What started as a picture of a 19th century pill bottle from a Portland apothecary shop, turned into a tour of my sideboard. I need to pick up a cork for it, so i can actually use it. Unless I drop it on a hard surface it should survive.
My house has 3 rooms and the ceilings are 80″ high, so any furniture has to be about 3/4 the size of normal. I only bought this because it was wee. The bottom holds canned and dry goods. The top is constantly getting adjusted. Almost none of it is decorative, it is all in use.
Top left: Enamelware cream picture, right now holding wooden spoons. Foss Vanilla box with a half dozen empty Foss bottles, when I have a dozen I will use these for my homemade vanilla. Several bottles of homemade vanilla. Actual NEW bottle of Dolan’s Vanilla made locally, and empty Vintage Dolan’s vanilla bottle. Middle Left: Inherited Coffee grinder, used for grinding peppercorns. Tobacco tin holding pin money. Coleman’s dry mustard, Boiled cider, Twining’s tea tin, McCann’s Irish oatmeal, all century old brands still made today. Pommery Moutarde De Meaux (mustard crocks still being sold) holding dried herbs from my garden, some with corks, some with wax linen lids. Tall 19th century tobacco crock, holding herbs. Pill bottle. Yellowware penny pie plate.
Top right. Vintage 70’s Jim Beam/Beameister wine bottles holding cider vinegars. various patent medicine bottles holding cider vinegars and oils. Watkins Mushroom Ketchup. Empty liniment bottles Middle right. Moder Mustard crocks, and Ink crocks holding spices. Pressed glass spoon holder. Vintage recipe box. Matches. Bottles with toothpicks and coriander. Empty tin.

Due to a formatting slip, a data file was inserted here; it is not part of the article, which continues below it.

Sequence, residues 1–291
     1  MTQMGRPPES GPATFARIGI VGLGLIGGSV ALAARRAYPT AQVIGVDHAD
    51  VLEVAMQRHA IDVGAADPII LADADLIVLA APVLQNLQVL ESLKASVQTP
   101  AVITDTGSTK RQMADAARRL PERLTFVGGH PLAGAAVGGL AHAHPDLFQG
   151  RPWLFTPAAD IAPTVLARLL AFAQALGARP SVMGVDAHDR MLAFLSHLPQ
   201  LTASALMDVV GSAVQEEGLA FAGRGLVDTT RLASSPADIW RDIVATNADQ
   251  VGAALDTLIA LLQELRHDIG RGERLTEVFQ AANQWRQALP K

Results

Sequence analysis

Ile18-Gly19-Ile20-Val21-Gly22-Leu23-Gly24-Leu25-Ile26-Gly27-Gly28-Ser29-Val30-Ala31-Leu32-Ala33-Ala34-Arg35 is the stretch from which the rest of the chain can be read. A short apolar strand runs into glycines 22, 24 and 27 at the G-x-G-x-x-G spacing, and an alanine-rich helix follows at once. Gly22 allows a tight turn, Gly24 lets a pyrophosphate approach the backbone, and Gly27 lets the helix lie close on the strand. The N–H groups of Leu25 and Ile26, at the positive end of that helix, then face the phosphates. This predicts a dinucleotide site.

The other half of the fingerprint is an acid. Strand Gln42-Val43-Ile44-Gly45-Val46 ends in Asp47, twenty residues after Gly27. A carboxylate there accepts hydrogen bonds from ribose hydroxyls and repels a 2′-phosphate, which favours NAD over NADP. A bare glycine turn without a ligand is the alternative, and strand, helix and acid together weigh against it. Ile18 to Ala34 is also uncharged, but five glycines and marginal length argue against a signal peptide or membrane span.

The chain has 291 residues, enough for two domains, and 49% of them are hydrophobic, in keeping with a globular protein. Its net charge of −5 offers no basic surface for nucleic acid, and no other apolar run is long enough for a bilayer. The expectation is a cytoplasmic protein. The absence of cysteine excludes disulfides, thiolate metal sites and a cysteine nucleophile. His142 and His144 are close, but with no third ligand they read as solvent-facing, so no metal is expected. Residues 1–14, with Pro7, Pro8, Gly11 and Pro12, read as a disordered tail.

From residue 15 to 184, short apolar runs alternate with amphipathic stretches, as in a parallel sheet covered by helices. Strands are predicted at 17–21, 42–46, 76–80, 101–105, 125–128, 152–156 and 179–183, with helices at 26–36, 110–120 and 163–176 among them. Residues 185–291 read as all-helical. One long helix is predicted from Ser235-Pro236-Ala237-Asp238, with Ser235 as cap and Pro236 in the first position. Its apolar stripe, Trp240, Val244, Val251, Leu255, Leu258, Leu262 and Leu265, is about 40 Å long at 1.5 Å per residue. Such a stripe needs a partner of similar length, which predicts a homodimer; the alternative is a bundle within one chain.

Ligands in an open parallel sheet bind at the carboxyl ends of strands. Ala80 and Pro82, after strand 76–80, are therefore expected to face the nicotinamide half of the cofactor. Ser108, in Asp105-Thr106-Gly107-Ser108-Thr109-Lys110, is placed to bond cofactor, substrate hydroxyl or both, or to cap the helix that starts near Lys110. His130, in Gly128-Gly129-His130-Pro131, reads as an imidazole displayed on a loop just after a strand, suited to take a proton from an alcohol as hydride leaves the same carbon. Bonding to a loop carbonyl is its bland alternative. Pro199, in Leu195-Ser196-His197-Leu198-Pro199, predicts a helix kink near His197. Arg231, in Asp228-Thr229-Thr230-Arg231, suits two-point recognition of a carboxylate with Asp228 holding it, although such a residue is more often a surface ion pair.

Bottom Right. 19th century glass pitcher. Two 19th century brownware bowls, older unmarked ceramics, especially with manufacturing defects can be had for very low money. Various 19th century Baking Bowls, bowls with unglazed exteriors are for baking, unglazed pottery lets the moisture expand without cracking the glaze, soot covered bowls are inexpensive and easy to clean. (glazed pottery for baking is fired at a higher temp) Iron trivet, which I use a table trivet.
Bottom Right: 1830s Adams mulberry flow porcelain, which i use as a cake plate. Redware Brown Betty with a repaired lid. Large glass all in one measure, I tend to use a vase. Early 19th century pasteware children’s cake plates, I use as cake plates. Late 19th century transferware pitcher and unmatched bowl, I use as tableware. New porcelain footed cake plate because my 19th ironstone got broken, I make small cakes so I am still on the lookout for a replacement. 1916 Glass vacuum ‘Thermos’ I still need a 69mm cork for it.
I keep trying to add more things to it, but it gets cluttered and I put things into cupboards. Cake plates were only out for Christmas, they are safer in the cupboard. Until recently I also had my 1920s electric teakettle, and my 1880s chafing dish on display.